Despicable Me Dir. Chris Renaud, Pierre Coffin

[Illumination Entertainment; 2010]

Styles: animated family comedy
Others: Ice Age

There is plenty to admire in Despicable Me, the first film from Illumination Entertainment, which serves as NBC Universal’s family-fare subsidiary and was founded by an Ice Age executive producer. All of which is to say that this heavily marketed, computer-animated movie is not a Pixar or a Dreamworks. But after the likes of Coraline, Cloudy With a Chance of Meatballs, the Ice Age films and others, this may be less of an automated presumption.

Despicable Me follows lovable anti-hero Gru, a super villain shaped like a bald, bird-headed refrigerator on top and a 1960s mod on bottom, wearing dark drainpipe pants and Chelsea boots. Gru is voiced by a severely goofy-sounding Steve Carell, who does his best Boris Badenov for the duration with varying degrees of success. It isn’t that he’s not funny or effective; it’s just that one rarely unhears that intrinsic Carell-ness in the delivery of lines like “Chillax!” or “Here’s the dealio.”

What’s nice about the movie’s conception of villainy, upon which the film’s entire premise rests, is that the bad guys are purely motivated by the execution of diabolical plots to thieve giant, iconic things. On a scale from 1 to Nefarious, it’s kind of adorable, like the pyramid that Gru’s youthful nemesis Vector (Jason Segel) captures and relocates within his home’s compound and hilariously camouflages with a blue sky/white cloud paint job. This is where Gru’s mission enters: because of the highly competitive nature of his line of work, Gru goes even bigger and decides to steal the moon. But when Vector steals his shrink ray (the natural choice for moon seizure), Gru’s plan is thrown until he can steal it back with the help of three conveniently adoptable orphans.

The evolution of Gru’s relationship with the girls is the movie’s real draw, and it helps that the three kids are written as sharp, tough, wacky, and individual. No little princesses or simpering delicacy here. Their accurately rendered kid natures careen off of Gru’s initially apathetic parenting style. When they first see their new “father,” their uncensored expressions of horror (similar to my own) give way to nonstop curiosity. To keep them out of his laboratory, Gru tries to set them up in the kitchen, where he’s deposited everything a child needs: food (a pile of candy), water in dog bowls, and newspaper laid out on the floor below a sign reading “poo poo pee pee.” Too perfect.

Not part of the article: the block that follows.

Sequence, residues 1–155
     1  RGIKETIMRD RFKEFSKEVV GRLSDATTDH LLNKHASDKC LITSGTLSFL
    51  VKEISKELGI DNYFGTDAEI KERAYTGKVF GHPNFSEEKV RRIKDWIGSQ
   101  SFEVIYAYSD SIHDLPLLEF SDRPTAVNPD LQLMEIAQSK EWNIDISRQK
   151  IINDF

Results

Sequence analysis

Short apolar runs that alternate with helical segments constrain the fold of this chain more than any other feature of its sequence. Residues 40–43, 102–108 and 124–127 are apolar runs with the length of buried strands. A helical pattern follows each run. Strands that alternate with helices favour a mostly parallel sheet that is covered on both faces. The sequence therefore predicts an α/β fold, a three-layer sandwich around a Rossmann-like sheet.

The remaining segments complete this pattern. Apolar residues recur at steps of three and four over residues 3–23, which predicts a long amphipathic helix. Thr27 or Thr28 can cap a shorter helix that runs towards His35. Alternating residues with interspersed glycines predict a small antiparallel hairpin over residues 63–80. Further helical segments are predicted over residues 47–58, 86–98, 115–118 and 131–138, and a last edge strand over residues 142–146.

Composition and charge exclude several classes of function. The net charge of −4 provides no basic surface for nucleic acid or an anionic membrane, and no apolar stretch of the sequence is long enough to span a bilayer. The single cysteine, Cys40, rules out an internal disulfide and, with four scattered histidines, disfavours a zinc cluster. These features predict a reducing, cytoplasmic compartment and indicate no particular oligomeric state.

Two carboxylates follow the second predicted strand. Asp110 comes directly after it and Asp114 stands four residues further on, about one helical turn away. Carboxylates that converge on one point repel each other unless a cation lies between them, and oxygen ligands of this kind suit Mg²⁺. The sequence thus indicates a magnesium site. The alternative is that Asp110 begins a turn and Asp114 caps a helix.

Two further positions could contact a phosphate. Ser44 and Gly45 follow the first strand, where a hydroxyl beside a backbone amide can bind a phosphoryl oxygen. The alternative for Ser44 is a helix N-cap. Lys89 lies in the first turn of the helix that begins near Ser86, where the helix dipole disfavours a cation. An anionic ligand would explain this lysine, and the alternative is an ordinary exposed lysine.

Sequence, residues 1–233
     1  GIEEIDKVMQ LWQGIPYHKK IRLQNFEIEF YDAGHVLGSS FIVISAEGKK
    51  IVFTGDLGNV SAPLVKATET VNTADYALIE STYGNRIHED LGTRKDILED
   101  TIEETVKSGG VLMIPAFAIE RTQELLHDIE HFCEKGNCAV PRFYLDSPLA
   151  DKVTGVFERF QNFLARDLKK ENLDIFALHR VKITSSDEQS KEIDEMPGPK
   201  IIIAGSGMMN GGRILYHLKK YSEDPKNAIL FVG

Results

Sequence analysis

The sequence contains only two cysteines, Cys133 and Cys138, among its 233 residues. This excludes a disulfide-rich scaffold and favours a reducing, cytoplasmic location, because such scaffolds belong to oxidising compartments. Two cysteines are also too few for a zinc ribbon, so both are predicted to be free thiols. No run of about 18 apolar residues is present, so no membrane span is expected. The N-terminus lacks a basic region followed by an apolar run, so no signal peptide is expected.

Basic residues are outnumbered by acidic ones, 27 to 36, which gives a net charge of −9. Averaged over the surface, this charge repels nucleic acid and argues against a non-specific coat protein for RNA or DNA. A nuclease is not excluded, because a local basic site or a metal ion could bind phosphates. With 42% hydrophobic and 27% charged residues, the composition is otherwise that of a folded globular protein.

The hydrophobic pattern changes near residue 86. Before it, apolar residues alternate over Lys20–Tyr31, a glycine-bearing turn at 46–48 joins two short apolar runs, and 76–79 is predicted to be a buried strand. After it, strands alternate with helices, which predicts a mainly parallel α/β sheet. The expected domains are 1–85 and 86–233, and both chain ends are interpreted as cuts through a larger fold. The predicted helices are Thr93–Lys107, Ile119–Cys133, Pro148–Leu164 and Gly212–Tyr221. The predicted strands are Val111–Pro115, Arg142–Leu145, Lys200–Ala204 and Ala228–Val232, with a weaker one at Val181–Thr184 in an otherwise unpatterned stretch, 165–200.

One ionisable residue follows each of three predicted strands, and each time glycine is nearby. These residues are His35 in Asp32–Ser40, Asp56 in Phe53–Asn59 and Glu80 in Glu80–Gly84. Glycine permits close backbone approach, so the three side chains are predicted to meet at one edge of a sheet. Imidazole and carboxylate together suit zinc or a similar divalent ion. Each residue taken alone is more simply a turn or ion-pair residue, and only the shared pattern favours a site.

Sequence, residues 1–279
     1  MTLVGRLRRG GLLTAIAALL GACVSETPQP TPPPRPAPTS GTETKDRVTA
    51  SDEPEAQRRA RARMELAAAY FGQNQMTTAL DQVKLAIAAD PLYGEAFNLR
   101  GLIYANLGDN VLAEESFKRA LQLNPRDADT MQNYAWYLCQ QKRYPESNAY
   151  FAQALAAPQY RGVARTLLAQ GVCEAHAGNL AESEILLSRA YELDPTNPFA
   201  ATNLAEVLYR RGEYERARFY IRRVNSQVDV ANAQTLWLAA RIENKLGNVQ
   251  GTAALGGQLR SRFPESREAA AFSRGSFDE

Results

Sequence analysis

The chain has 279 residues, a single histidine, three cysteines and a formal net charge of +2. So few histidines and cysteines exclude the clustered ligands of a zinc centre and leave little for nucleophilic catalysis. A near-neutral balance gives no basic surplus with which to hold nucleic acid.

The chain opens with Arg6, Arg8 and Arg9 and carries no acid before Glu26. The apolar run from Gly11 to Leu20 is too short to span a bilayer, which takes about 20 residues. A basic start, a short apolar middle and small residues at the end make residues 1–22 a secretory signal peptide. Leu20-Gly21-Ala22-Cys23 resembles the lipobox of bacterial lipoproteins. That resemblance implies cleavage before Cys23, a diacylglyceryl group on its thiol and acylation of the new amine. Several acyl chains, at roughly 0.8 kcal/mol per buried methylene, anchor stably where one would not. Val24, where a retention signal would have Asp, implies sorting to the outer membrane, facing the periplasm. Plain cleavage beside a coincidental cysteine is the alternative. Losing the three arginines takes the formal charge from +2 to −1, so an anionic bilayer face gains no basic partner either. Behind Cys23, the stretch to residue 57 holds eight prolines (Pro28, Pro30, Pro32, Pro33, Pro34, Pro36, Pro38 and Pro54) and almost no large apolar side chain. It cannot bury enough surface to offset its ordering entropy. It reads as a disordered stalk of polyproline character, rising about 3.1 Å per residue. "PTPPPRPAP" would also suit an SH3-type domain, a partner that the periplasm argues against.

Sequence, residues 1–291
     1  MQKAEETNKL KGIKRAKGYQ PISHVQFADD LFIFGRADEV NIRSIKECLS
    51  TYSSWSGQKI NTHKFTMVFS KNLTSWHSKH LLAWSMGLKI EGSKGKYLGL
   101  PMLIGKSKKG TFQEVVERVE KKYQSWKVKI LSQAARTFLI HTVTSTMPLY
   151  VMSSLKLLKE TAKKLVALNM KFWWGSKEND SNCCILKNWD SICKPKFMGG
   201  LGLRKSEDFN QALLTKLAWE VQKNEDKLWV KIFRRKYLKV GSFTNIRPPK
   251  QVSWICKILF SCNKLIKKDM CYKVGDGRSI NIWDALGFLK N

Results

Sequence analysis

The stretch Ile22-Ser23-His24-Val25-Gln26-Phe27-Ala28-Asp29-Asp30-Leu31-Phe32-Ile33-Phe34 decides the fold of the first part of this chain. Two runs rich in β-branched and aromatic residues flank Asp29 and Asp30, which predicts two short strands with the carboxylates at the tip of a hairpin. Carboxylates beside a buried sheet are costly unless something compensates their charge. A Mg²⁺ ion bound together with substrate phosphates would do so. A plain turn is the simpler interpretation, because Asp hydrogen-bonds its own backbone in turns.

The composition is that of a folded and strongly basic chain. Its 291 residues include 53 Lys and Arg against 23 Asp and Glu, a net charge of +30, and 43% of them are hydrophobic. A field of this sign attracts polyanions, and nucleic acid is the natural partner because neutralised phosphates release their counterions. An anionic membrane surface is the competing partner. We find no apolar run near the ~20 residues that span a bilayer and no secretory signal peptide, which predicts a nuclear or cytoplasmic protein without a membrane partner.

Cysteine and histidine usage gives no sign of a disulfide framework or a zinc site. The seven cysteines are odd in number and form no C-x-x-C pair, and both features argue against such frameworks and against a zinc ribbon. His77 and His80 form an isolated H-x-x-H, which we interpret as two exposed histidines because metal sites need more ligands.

Besides the girls, the movie is filled with characters voiced by surprisingly hip comedic talent. There’s Russell Brand as Gru’s geriatric right hand Dr. Nefario, Will Arnett as an evil banker, Rob Heubel as a newscaster, Jermaine Clement as Gru’s little yellow pill-shaped minions, Mindy Kaling as “Tourist Mother” (whatever that is), and, happily, the instantly recognizable Jack McBrayer as a cocky amusement park worker. A quick word on those minions: They’re just okay. Why were they little alien overall-wearing yellow beans? They carried out two main functions: First, to serve as springy punching bags for physical humor that would not provoke the flinching of identification in child audience members: after all, they’re alien gummy bears! It doesn’t matter if it hurts when they get squished or exploded. And second, they make a nice visual statement as graphic elements for the marketing department in everything from one-sheets to kids’ meals. Like Carell’s accent, they’re initially questionable to distraction, but eventually fade into the action.

As with the animation style of the characters, the simplicity of how the minions are rendered is interesting next to the powerful 3D I saw the movie in. Its best moments are joy rides that flaunt and indulge in the moment and the technology, like a scene including a legitimately exhilarating first-person perspective rollercoaster ride. Plot-wise, it was frivolous, but to no detriment. It successfully delivered pure fun, as the entire movie managed to do with ease. Despicable Me’s tight plotline, casting, and sharp sense of humor place it at the top of surface-level kid fare that discerning adults — even those with no children to placate — will need no excuse to happily consume.

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